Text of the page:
How biological clock influences psychology


Many of our behaviors that seem random are, in fact, dependent on what time of the day it is. Our body can’t function properly without keeping track of time. So how does the body keep track of time?

The biological clock

A scientist once lived in an underground cave for days to conduct a series of experiments. He had no clocks on him- no way of knowing what time of the day it was. Still, his body was able to keep track of time- making him sleepy and hungry as one would if they were living on the surface of the earth.

This suggests that we have an internal time-keeping mechanism- a biological clock that controls our bodily functions and influences our behaviours.

Deep inside the brain is a tiny region of specialized cells known as the suprachiasmatic nuclei (SCN). This master clock in our brains regulates the activity of biological clocks (specific protein molecules) present in nearly every organ and tissue of our bodies.1

These 24-hour cellular biological clocks are not unique to humans but are found in almost all the living things, dating back to millions of years as they’re found even in algae.2

Our biological clock is regulated by light

For most of our evolutionary history, we have relied upon the sun as our major light source. Therefore, our biological clock responds to fluctuations in the amount of light received by our eyes.

The SCN is located in close proximity to the region of the brain where the optic nerves cross and hence it receives information about the amount of light in our environment. This, in turn, regulates the secretion of various hormones that influence our various behaviours.

For example, the hormone melatonin makes us sleepy as its production goes up when it’s dark outside. In ancient times, when it was dark after sunset, the melatonin production of our ancestors naturally went up and they felt like going to sleep. Today, most of us have to switch off our lights when we go to sleep, usually long after the sun has set.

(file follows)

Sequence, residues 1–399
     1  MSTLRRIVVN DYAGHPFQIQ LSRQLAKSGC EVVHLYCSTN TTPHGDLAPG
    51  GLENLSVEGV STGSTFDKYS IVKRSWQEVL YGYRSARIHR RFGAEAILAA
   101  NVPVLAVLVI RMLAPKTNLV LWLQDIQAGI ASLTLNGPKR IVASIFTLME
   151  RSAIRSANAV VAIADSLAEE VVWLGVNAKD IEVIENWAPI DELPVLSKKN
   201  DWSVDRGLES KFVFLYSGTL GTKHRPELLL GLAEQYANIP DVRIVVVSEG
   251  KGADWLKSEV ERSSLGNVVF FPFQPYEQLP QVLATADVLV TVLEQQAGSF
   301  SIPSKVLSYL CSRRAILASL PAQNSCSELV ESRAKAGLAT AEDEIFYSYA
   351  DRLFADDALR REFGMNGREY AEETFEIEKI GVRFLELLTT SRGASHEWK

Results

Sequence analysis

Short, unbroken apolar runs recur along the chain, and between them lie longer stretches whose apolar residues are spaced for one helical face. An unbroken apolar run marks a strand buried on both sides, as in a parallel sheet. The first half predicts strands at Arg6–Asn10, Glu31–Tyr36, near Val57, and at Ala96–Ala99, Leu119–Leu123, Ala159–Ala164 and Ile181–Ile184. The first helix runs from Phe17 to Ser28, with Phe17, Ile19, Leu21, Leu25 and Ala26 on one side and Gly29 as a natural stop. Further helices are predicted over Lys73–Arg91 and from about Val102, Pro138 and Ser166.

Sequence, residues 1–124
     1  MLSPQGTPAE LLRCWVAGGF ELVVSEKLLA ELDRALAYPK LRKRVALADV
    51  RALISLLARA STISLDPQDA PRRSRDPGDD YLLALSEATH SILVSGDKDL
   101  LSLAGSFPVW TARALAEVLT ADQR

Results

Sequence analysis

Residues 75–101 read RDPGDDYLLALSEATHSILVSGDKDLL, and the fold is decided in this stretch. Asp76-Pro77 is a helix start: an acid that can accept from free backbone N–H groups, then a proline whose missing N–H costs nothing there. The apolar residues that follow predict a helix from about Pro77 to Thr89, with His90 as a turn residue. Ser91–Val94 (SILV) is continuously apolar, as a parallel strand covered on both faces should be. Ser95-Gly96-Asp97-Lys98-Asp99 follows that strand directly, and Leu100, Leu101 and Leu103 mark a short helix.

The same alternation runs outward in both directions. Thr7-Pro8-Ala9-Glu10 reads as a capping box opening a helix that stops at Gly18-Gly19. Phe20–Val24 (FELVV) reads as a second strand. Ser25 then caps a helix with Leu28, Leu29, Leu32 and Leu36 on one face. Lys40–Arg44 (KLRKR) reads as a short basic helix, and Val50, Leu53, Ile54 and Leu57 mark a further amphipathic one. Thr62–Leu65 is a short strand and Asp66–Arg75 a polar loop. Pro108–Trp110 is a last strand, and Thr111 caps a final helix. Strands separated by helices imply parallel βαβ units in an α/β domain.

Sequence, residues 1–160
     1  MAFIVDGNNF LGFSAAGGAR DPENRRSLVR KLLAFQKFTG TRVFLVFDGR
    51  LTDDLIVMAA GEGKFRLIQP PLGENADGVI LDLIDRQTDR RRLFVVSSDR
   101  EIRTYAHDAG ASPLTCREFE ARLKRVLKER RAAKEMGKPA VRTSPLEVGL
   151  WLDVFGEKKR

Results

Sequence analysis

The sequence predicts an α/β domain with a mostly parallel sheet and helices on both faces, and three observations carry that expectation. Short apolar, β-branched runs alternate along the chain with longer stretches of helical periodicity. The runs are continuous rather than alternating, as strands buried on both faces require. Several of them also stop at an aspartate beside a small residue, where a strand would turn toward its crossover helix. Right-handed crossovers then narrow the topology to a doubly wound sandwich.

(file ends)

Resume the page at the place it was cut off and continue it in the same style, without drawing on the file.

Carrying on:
When the sun rises in the morning, the presence of light inhibits melatonin production and signals the brain to switch to ‘awake’ mode.

We all know that a good night’s sleep is beneficial for us. Yet many of us don’t get it on a regular basis. One reason could be that we have extended our afternoons late into the night using artificial lights.

It’s a good idea, therefore, to turn off the lights or make them dim at least an hour or so before we intend to go to sleep.

biological clock influences behaviour
If you wake up feeling groggy it’s probably because you exposed yourself to too much light the previous night before sleep thereby disturbing your hormonal balance.

Moods, metabolism, immune system, and the biological clock

Serotonin is a neurotransmitter that improves mood when its levels in the brain rise. Serotonin levels respond to the light-dark cycle such that more light increases its levels while less light decreases it. This is why people feel good when they’re out on a sunny day and remark, “What a beautiful, sunny day!”.  

Conversely, when the weather is not good (which is usually just another way of saying it’s not sunny), people don’t typically praise the weather much and may even experience a low mood.